Round 8: Suspending their Sentence

Posted in Event Coverage on June 30, 2007

By Devin Low

This matchup pitted Canada vs. Japan, with veteran pros Jeff Cunningham and Aeo Paquette facing down living legend Kenji Tsumura and the lesser known Yuuta Hirosawa. Japan wins the flip.

After a free mulligan, Paquette considered, then threw back a hand of Island, Island, Foresee, Lord Ith, High Arcanist, Temporal Isolation, Mana Tithe, Knight of Sursi. It was the kind of hand that would be absolutely incredible if he could somehow know there were a Plains on top of his deck. That's why PT-level judges are so strict about immediately replacing all sleeves with visible wear and tear. But with no guarantee of Plains, the hand was too risky, and Aeo threw it back. He came up with Infiltrator il-Kor, Errant Ephemeron, Snapback, Primal Plasma, Plains….and Island. What a sick six-carder. Even without any more lands, he had an incredible amount of power he could deploy.

Playing black-red to complement Paquette's white-blue, Cunningham kept Feebleness, Lost Hours, Phyrexian Totem, Sulfur Elemental, and some appropriate lands.

Japan's Kenji Tsumura and Yuuta Hirosawa confront Canadians Jeff Cunningham and Aeo Paquette.

Kenji threw back a hand and came up with a keepable Deepcavern Imp, Homing Sliver, Vampiric Sliver, and four lands. When they got hold of a Sedge Sliver and knew Future Sight had common red slivercycling Homing Slivers to find it, they jumped into the Sliver side of the swimming pool. But Deepcavern Imp and other non-Sliver creatures show that his team didn't crank the Sliver lever all the way to full, allowing non-Sliver creatures into the deck. Hirosawa had Gemhide Sliver, Reflex Sliver, Malach of the Dawn, and multiple Plains and Swamps. No Forests, but he went with it.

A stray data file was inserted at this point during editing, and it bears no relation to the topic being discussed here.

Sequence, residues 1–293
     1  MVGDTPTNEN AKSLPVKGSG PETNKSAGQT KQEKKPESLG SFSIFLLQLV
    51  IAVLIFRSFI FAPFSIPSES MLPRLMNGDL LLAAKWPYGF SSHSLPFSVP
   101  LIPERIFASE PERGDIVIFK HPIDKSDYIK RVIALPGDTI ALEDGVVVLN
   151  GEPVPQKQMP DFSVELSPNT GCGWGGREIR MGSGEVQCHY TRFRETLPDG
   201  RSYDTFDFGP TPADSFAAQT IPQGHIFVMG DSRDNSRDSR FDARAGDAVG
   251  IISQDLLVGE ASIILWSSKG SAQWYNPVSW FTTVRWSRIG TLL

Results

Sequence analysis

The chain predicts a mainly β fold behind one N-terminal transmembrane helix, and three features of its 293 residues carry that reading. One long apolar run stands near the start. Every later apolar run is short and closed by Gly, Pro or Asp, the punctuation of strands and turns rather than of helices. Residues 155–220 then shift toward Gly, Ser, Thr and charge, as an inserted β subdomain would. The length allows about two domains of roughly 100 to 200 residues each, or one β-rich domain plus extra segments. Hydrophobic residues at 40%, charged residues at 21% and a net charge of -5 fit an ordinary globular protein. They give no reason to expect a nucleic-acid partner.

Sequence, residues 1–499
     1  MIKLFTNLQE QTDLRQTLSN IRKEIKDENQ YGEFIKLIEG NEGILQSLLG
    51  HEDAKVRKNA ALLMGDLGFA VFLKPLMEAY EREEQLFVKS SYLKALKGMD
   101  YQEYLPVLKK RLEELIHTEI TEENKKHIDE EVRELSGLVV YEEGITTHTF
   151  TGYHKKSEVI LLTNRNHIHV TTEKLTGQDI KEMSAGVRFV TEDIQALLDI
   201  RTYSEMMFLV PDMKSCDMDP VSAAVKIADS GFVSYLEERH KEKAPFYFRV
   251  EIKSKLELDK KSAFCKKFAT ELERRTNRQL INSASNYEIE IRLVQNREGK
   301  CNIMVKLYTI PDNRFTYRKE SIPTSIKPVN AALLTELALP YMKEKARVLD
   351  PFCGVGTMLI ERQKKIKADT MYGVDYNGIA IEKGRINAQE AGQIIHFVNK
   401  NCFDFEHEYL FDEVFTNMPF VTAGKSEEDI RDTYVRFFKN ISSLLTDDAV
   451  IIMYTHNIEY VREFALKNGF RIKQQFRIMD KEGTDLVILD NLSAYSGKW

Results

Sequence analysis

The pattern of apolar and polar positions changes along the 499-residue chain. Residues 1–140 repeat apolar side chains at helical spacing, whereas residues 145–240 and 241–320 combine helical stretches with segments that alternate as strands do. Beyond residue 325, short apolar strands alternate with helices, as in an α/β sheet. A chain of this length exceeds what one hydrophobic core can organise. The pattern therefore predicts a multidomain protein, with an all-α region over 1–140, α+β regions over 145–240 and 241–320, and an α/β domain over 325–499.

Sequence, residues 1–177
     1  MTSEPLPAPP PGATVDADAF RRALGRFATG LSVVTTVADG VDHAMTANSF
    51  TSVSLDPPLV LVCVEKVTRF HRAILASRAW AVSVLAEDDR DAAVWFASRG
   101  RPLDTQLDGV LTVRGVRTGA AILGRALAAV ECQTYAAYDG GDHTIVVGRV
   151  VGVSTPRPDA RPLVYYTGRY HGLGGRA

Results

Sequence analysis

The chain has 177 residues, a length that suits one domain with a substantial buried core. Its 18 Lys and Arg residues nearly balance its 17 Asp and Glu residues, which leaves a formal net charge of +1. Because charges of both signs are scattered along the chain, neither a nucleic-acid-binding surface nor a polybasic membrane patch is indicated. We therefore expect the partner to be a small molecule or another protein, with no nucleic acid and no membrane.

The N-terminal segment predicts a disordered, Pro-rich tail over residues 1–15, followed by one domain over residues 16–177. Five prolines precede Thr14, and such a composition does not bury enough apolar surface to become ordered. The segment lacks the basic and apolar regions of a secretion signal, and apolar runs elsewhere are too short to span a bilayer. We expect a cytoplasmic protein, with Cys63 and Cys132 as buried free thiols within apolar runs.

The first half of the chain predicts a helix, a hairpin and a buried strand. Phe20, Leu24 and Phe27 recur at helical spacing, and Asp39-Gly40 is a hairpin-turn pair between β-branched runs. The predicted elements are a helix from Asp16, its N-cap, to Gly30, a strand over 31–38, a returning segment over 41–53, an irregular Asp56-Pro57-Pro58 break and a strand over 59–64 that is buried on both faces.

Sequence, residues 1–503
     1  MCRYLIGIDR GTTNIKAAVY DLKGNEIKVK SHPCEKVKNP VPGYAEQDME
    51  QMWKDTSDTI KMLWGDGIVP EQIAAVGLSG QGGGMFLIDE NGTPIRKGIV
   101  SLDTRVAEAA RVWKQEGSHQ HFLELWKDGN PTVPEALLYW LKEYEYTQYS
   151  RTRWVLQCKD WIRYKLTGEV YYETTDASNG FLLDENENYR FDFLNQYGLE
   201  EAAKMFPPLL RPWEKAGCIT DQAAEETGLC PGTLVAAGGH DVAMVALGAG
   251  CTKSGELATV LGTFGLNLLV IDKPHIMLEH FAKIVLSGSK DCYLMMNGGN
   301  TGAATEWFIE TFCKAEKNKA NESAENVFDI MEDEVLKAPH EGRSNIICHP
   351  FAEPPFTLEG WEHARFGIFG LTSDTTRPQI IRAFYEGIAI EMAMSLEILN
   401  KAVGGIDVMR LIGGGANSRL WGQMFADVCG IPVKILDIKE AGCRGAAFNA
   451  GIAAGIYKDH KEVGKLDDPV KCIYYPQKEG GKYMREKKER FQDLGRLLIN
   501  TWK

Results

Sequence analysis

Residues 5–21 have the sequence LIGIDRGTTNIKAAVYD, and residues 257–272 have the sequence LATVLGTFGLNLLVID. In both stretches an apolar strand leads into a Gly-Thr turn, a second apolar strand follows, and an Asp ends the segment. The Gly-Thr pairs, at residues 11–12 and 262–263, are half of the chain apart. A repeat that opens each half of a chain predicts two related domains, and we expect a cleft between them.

And they were off: Hirosawa found a Forest in time for turn-two Gemhide Sliver, only to have it Feeblenessed. Paquette suspended a threatening Errant Ephemeron.

The Japanese got evasive with Spirit en-Dal and Deepcavern Imp, going 30-28. Aeo suspended an Infiltrator il-Kor, while Jeff stayed quiet with up.

On the fourth turn, Hiro played Reflex Sliver, followed by Kenji's Vampiric Sliver, and all kinds of guys got in there: Vampiric, Reflex, Deepcavern, and Spirit en-Dal. Cunningham flashed out Constructed mainstay Sulfur Elemental, killing Spirit en-Dal on the way to trading with a Sliver. Offered the choice of offing the 3/3 Vampiric Sliver or the more relevant ability on the Reflex Sliver, Cunningham decided that size mattered and killed the 3/3. The tempo of the Japanese attack was really blunted by the efficiency of Sulfur Elemental's three-mana, instant-speed two-for-one trade, and the score was only 30-24. If Cunningham had had no play there, the attack would have dealt 9 with four attackers still out.

Paquette made a tricky blocker in Tolarian Sentinel, while Cunningham played Lost Hours and suspended a Keldon Halberdier. The Canadians had really banked on suspend this game, giving up early board presence for more power in the midgame and an efficient use of mana across the early turns. When the suspended creatures came online, the advantage would likely swing massively back in favor of the Canadians.